How ANC municipality almost stopped fibre broadband rollout

The Supreme Court of Appeal recently ruled in favour of Dark Fibre Africa (DFA) in a case involving the fibre broadband rollout in the Msunduzi Municipality, also known as Pietermaritzburg. The importance of this ruling for broadband in South Africa is considerable. To grasp why this case is so essential, it is needed to look back at what took place over the last two years. In 2012 DFA submitted wayleave applications to the Msunduzi Municipality to roll out a fibre network in Pietermaritzburg.

The applications for fibre broadband rollout were never approved. DFA CEO Gustav Smit explained that they tried to work with the municipality, but “after months and months” they had no choice but to start construction. In November 2013, DFA started construction of its fibre network in Pietermaritzburg with no wayleave approvals. This was attainable because of the rights given to DFA in section 22 of the ECA (Electronic Communications Act) as an electronic communications network licensee: An electronic communications network service licensee could – (a) enter upon any land, such as any street, road, footpath or land reserved for public purposes, any railway and any waterway of the Republic. (b) construct & sustain an electronic communications network or electronic communications facilities upon, under, over, along or across any land, including any street, road, footpath or land reserved for public purposes, any railway & any waterway of the Republic. “We will persist with everything else, although if they do not need to sign off a wayleave we were going to use the rights afforded to us to create our networks,” mentioned Smit. The Msunduzi Municipality was not happy, and confiscated DFA & DFA’s contractor’s equipment used for the fibre network rollout.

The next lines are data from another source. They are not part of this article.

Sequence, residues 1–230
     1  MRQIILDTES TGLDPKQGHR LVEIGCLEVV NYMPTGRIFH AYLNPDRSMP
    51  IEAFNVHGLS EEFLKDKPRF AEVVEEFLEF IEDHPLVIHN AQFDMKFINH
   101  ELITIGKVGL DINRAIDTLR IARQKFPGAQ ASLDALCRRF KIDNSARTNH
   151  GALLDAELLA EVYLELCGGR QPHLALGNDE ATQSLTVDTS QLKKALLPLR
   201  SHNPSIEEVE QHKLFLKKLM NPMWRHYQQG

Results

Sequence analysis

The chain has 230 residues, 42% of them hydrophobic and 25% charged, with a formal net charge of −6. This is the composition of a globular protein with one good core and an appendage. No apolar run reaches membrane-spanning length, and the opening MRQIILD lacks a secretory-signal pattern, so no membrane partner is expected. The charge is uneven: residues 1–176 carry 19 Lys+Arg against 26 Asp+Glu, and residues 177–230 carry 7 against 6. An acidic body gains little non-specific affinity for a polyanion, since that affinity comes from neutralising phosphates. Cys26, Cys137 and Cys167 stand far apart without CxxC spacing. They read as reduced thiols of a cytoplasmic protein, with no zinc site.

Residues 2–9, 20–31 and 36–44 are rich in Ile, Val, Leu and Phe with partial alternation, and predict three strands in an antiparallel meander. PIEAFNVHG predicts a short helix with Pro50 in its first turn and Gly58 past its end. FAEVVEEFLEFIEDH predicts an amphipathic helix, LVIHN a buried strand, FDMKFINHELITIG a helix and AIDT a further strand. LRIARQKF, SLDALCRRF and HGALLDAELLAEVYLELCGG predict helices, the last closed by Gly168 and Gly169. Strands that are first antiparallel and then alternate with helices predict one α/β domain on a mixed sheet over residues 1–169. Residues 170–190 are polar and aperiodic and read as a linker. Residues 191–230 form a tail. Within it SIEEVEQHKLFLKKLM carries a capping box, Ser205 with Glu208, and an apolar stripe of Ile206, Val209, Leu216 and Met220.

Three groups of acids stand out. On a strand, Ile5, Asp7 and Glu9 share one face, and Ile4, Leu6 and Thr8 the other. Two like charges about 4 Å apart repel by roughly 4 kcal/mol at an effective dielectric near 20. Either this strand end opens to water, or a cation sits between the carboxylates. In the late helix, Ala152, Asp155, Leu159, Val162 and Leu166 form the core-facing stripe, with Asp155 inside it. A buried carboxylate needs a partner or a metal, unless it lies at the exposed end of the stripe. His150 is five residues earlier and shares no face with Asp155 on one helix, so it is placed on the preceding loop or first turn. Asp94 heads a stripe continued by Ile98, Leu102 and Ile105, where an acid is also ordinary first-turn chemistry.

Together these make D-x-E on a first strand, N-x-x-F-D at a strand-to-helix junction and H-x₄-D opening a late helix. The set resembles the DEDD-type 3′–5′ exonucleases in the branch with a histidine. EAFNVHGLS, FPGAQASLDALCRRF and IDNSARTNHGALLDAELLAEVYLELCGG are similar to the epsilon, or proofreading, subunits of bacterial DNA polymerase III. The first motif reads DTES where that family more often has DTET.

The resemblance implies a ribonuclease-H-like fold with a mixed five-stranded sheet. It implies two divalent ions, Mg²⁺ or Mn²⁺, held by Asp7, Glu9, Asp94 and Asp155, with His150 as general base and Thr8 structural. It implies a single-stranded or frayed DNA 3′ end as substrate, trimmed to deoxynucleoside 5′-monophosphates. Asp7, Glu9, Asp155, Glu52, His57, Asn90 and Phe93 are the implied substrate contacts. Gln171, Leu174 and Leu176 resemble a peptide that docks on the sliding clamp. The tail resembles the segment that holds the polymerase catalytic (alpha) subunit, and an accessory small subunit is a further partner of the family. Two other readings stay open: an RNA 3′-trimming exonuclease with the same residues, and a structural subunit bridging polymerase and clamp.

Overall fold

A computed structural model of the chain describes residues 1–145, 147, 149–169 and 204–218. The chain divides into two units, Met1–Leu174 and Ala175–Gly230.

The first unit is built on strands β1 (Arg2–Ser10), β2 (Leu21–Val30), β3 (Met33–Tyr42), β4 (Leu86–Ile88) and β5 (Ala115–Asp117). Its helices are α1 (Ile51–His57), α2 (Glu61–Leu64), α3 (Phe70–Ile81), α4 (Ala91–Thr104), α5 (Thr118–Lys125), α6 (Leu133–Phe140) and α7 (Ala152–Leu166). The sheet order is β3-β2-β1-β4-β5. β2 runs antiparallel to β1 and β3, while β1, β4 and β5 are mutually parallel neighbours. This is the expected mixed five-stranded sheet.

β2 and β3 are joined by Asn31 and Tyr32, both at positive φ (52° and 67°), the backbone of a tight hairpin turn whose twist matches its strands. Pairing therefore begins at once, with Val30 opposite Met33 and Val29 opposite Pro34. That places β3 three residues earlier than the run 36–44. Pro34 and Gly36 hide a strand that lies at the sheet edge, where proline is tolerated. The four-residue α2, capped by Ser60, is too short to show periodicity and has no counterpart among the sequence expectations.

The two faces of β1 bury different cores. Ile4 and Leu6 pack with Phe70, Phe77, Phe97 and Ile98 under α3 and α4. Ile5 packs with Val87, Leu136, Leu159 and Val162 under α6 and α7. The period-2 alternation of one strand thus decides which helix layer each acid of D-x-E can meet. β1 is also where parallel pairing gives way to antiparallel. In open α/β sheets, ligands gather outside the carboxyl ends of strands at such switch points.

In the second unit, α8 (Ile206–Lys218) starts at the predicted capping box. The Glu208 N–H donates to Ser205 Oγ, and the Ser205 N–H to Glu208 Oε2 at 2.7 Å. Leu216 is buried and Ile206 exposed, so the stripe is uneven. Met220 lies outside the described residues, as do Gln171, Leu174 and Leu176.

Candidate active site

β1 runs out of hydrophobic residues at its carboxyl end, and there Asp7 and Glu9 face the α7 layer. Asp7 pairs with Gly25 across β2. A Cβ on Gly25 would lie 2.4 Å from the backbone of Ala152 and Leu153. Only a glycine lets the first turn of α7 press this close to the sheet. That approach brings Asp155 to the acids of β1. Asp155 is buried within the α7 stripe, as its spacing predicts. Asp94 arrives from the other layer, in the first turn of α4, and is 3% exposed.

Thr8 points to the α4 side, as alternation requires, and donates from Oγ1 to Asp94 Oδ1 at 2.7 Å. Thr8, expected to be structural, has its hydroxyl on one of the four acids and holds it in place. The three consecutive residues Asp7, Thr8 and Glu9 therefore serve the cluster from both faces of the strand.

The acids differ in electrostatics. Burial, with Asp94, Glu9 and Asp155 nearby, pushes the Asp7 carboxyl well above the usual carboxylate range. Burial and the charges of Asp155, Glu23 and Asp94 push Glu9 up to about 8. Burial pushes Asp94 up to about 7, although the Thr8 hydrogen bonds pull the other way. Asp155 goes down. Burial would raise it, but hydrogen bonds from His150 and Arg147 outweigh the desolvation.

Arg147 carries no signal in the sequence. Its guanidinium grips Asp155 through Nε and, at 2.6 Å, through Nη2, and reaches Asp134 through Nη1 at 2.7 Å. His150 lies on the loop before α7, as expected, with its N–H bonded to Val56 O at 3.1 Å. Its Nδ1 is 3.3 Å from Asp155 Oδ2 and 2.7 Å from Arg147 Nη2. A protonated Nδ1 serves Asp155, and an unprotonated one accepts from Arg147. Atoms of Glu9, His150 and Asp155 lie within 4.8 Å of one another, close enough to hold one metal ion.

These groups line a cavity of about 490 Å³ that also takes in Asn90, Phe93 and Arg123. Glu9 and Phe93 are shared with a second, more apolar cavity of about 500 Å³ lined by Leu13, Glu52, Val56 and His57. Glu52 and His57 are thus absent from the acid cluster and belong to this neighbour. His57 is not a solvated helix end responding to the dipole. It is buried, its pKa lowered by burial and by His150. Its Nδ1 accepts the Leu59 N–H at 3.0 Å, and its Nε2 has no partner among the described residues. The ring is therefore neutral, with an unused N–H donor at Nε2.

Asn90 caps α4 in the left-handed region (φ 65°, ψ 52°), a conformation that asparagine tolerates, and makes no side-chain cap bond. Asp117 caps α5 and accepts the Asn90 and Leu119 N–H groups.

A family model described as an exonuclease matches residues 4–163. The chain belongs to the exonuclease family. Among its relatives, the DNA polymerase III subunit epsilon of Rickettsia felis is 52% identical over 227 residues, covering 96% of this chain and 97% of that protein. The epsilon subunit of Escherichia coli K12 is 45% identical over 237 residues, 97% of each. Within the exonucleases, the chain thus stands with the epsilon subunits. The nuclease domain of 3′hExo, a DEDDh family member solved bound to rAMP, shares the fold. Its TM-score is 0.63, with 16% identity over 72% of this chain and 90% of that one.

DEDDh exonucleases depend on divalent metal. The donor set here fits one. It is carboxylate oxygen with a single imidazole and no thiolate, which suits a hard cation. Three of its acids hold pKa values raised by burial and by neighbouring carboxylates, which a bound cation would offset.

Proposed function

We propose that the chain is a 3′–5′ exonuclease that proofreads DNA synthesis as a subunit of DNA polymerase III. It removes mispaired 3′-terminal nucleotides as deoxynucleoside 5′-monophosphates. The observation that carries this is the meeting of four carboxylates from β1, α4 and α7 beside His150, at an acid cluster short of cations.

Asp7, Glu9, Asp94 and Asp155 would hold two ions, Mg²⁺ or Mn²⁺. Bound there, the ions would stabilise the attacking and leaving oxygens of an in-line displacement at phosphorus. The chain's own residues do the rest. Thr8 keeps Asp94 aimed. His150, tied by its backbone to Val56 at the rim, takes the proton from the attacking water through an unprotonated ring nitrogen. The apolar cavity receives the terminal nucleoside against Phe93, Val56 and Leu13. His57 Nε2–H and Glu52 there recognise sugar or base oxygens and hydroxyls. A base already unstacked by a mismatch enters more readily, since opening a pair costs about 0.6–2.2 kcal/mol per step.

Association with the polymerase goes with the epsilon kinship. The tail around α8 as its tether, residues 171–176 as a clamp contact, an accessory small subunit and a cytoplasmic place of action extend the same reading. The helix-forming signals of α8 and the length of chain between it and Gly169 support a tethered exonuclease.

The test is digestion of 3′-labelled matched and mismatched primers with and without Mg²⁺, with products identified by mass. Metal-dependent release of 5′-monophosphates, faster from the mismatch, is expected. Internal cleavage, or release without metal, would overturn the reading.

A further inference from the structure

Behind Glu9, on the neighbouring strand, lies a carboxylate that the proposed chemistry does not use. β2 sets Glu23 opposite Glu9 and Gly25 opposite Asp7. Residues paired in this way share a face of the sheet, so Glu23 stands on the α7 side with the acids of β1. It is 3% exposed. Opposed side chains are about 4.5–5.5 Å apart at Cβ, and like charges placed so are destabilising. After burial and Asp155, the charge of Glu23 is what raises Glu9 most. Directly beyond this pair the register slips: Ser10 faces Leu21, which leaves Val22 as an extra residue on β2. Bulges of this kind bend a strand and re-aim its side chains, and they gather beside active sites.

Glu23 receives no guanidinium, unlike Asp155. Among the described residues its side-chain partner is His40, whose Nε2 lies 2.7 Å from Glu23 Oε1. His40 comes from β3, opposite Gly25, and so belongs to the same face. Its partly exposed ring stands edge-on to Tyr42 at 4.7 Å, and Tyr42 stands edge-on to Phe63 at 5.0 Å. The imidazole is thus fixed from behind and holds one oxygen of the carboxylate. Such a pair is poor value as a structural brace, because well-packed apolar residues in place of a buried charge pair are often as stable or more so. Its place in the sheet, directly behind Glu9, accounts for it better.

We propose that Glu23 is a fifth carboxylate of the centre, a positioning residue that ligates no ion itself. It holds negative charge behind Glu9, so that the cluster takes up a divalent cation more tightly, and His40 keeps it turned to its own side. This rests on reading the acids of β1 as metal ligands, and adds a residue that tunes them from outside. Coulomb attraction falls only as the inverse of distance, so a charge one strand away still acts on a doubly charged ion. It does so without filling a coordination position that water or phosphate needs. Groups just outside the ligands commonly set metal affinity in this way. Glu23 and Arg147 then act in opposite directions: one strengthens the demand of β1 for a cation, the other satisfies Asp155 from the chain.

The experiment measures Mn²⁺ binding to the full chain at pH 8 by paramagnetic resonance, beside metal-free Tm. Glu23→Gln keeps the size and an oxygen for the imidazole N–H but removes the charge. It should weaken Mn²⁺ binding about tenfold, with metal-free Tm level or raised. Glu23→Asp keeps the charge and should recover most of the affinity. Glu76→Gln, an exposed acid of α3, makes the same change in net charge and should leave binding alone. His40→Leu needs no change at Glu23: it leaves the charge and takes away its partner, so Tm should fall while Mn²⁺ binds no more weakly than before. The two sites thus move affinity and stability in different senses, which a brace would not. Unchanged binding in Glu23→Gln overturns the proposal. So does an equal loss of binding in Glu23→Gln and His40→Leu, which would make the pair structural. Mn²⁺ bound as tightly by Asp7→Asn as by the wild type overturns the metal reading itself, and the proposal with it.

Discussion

The court papers included an August 2013 circular which stated that “all wayleaves issued since the very first January 2013 are null and void & must be terminated with immediate effect”. Based on the judgement it was “obvious that such enables … would in all likelihood not have been granted”. With this favourable ruling DFA was allowed to continue trenching, however this was not the end of the story. The Msunduzi Municipality appealed the ruling in the Supreme Court of Appeal. The SCA held that licensees below the Electronic Communications Act do not demand permission from a neighborhood authority to exercise their rights under section 22 of the ECA.

The court further said that the Msunduzi Municipality had “repeatedly refused to cooperate with DFA for approval of the plan of construction, which includes agreement on conditions on which construction would proceed”. By winning the two legal battles, DFA paved the way for fibre network operators to be in a position to roll out networks without having to manage feasible difficulties at a municipal level.

The Msunduzi Municipality agreed that “the roll-out of fibre-optic networks by any service provider in a properly controlled manner is useful to the City”. “In doing so, but, such service providers must have suitable regard to the interest of all land owners, other service providers, plus the citizens involved”.

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